Trading the Golden Coil with Straddles

by Tyler Craig | April 27, 2012 11:03 am

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Gold has been a chop-fest of late where only the nimblest of directional traders have come out unscathed. Recent price action has been nothing more than a jumbled mishmash of mean reversion.

While short-term traders may have had difficulty divining direction, long-term traders haven’t fared much better. Over the past few quarters, gold has found itself in the midst of a symmetrical triangle that has acted as a noose, constricting prices into an ever-narrowing range.

GLD Implied Volatility (IV)
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Not surprisingly, implied volatility has consistently drifted lower throughout the triangle formation. Such movement makes sense when one considers the realized volatility of the SPDR Gold Trust (NYSE:GLD[1]) has been on a downward trajectory as well. With GLD moving less and less, traders are simply unwilling to pay elevated prices for GLD options.

With the apex of the symmetrical triangle looming and implied volatility having now fallen near multi-year lows, long straddles are beginning to look somewhat appealing. To review, long straddles consist of purchasing an at-the-money call and an at-the-money put in the same expiration series.

The strategy comes equipped to exploit a large move outside of the triangle in either direction as well as a rise in implied volatility — two events that look to be increasingly likely with the passage of each day.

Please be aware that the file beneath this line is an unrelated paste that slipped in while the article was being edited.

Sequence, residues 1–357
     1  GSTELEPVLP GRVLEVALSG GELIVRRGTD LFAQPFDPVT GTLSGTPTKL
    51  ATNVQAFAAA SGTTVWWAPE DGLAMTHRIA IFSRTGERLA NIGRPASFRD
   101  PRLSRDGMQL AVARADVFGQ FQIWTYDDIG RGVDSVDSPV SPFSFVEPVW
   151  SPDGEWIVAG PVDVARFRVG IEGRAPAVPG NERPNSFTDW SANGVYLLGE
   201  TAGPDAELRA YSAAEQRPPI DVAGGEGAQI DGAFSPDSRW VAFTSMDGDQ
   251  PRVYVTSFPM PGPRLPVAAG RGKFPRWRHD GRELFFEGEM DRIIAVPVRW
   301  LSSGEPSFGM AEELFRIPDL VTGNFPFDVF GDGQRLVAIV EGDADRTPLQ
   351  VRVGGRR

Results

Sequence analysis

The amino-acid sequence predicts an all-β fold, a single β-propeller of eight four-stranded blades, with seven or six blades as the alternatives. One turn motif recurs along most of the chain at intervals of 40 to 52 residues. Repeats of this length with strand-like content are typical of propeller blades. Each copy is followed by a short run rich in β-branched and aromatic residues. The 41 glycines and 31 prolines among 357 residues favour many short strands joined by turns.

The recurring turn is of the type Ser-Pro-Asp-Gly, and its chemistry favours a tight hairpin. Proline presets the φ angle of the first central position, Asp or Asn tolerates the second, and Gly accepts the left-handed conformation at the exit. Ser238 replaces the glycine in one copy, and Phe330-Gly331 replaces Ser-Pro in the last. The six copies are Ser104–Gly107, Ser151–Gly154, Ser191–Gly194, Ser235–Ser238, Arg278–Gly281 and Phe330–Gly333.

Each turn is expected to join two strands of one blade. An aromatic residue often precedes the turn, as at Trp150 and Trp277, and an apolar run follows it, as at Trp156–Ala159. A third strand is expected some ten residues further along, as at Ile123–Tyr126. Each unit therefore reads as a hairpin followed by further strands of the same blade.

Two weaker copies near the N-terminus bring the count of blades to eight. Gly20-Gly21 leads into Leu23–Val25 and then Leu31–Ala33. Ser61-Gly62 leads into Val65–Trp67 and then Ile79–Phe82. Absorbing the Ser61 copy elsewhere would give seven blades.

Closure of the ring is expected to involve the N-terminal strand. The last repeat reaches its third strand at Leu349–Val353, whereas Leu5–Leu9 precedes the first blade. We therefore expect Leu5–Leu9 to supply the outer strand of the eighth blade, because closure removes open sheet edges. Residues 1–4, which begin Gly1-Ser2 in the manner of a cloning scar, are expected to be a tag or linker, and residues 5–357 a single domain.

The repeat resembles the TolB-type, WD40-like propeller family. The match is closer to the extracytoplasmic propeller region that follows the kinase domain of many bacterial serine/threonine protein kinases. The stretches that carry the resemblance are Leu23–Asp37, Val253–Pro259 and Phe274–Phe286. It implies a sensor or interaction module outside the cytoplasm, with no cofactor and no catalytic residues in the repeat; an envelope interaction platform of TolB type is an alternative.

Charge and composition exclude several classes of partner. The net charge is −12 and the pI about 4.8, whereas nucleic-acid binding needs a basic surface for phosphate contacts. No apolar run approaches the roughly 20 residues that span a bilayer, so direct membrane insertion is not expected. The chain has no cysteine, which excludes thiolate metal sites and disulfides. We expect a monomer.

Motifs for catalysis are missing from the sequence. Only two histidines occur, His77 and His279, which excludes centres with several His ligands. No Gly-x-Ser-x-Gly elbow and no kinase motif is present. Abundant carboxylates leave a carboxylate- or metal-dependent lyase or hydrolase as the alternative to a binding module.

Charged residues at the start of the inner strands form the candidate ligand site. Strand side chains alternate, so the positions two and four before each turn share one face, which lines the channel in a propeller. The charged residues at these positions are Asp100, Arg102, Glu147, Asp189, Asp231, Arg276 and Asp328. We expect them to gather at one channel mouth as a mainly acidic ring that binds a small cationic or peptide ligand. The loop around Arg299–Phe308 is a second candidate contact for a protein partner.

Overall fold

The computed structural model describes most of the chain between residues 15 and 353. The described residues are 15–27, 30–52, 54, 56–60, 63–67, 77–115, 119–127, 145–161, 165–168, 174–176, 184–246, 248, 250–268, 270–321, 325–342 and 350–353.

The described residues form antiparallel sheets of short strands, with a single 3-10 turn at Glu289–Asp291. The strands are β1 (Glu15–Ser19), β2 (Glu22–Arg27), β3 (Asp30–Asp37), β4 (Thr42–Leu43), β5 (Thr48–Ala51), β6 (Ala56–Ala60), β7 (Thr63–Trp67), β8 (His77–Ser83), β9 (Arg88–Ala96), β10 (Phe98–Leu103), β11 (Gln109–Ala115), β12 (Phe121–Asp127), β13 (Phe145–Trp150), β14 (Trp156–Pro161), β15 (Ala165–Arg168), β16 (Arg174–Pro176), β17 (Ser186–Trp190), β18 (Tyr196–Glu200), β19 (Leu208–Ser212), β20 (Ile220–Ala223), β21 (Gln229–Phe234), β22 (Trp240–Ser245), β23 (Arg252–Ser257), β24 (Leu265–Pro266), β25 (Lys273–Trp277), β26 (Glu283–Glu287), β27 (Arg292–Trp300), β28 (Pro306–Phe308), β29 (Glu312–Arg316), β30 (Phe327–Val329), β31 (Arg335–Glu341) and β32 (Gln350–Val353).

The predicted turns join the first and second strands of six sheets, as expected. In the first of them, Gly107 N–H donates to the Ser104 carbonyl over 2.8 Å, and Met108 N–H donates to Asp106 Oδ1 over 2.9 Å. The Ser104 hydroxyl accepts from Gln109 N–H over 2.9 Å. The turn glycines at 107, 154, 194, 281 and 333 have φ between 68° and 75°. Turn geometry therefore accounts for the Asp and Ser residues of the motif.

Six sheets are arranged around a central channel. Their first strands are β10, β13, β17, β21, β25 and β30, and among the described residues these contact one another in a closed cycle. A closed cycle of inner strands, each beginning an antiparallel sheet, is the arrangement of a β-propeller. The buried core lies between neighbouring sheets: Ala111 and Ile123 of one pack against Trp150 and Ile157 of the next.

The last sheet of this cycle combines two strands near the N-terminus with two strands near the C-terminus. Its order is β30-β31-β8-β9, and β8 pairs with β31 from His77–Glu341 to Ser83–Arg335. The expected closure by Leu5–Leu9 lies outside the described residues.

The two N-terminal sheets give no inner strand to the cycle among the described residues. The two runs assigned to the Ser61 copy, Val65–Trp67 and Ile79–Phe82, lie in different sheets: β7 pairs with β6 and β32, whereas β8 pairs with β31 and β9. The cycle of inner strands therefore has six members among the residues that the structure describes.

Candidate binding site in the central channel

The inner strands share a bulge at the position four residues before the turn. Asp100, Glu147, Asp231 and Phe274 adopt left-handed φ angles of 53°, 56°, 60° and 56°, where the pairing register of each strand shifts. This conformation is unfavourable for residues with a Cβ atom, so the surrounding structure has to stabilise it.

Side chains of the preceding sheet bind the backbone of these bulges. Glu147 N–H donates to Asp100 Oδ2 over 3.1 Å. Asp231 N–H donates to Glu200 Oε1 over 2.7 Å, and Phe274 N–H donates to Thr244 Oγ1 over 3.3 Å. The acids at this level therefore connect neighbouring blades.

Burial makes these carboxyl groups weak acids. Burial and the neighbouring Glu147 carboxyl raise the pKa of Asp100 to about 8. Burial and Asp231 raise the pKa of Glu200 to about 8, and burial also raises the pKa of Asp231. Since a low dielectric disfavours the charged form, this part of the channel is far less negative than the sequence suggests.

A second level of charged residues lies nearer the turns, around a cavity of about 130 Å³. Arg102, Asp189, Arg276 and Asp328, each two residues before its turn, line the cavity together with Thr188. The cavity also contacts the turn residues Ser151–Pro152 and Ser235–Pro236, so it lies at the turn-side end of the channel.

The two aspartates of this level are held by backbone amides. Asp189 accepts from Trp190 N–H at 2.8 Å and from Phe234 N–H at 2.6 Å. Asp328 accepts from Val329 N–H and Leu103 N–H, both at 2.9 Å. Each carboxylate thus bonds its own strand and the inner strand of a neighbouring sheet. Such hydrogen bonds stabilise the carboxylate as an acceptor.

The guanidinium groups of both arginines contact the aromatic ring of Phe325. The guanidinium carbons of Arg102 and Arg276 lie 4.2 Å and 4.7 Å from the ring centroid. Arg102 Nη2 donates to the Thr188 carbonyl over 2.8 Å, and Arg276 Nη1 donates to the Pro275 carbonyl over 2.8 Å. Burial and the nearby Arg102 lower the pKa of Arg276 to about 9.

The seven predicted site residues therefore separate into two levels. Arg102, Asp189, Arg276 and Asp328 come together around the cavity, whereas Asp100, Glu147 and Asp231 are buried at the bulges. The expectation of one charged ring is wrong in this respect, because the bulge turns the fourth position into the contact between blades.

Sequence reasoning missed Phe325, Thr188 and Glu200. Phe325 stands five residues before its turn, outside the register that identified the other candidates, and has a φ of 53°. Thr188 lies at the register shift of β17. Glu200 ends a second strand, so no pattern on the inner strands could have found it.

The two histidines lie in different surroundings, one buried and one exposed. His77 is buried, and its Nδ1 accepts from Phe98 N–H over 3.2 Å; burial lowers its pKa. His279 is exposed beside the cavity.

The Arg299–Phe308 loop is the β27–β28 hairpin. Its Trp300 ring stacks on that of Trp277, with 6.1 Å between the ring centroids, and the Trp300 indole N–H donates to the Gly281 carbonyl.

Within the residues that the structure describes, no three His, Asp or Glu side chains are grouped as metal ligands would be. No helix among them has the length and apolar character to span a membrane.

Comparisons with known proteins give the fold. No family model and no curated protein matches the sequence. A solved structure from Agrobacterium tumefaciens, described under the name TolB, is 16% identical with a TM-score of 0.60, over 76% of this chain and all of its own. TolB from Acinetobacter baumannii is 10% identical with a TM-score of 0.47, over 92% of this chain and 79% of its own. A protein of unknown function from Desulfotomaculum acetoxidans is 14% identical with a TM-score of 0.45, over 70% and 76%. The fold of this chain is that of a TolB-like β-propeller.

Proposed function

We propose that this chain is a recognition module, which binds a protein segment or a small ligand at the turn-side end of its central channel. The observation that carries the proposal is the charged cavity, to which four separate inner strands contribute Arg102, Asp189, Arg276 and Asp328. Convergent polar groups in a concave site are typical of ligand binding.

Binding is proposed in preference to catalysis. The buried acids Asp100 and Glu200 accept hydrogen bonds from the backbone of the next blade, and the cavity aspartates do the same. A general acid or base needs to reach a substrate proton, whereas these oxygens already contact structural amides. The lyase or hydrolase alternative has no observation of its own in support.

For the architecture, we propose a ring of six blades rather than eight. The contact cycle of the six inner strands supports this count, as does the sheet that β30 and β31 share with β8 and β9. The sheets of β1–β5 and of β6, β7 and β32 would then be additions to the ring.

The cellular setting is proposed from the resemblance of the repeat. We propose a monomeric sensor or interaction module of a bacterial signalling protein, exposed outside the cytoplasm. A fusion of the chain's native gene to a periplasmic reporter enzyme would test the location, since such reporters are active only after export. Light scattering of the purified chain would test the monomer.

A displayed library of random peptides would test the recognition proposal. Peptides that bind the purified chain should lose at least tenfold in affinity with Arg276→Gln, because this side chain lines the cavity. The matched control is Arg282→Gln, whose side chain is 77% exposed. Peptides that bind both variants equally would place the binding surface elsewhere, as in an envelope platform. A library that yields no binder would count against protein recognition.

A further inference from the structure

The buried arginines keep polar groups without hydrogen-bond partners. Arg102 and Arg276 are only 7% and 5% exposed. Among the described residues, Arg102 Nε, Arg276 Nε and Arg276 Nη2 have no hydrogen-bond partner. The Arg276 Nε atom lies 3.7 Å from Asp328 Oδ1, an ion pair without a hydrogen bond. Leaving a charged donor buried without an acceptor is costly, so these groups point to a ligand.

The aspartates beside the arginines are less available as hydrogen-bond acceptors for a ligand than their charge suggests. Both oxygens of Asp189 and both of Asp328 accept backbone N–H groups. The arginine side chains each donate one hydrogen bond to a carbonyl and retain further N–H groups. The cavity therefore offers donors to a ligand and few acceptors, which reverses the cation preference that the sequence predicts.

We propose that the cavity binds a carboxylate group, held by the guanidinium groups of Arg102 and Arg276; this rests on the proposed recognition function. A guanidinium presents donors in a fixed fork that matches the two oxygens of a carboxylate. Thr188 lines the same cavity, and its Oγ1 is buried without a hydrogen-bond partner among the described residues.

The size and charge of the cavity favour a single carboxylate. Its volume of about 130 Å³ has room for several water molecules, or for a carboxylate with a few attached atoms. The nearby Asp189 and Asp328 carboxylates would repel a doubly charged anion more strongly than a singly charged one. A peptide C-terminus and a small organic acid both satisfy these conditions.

The truly tricky part of this play lies in the timing. Bottom-picking implied volatility as well as forecasting when the triangle breakout will commence can be quite difficult. Since the strategy involves buying two at-the-money options, time decay will be a constant annoyance, eating away at the value of your position. If the breakout fails to materialize or implied volatility fails to lift quickly enough, the straddle will be a loser

Currently, the June 161 straddle is trading for $8.30 while the July 161 straddle is trading for $9.95. Both look to be in play for those banking on a coming resolution to the GLD triangle. Though a bit more expensive, the July position will be less affected by time decay.

An alternate consideration would be to wait for the breakout and then buy calls (upside breakout) or puts (downside breakout).  Assuming implied volatility is still depressed at the time, option buying is the way to go.

At the time of this writing, Tyler Craig had no positions on GLD.



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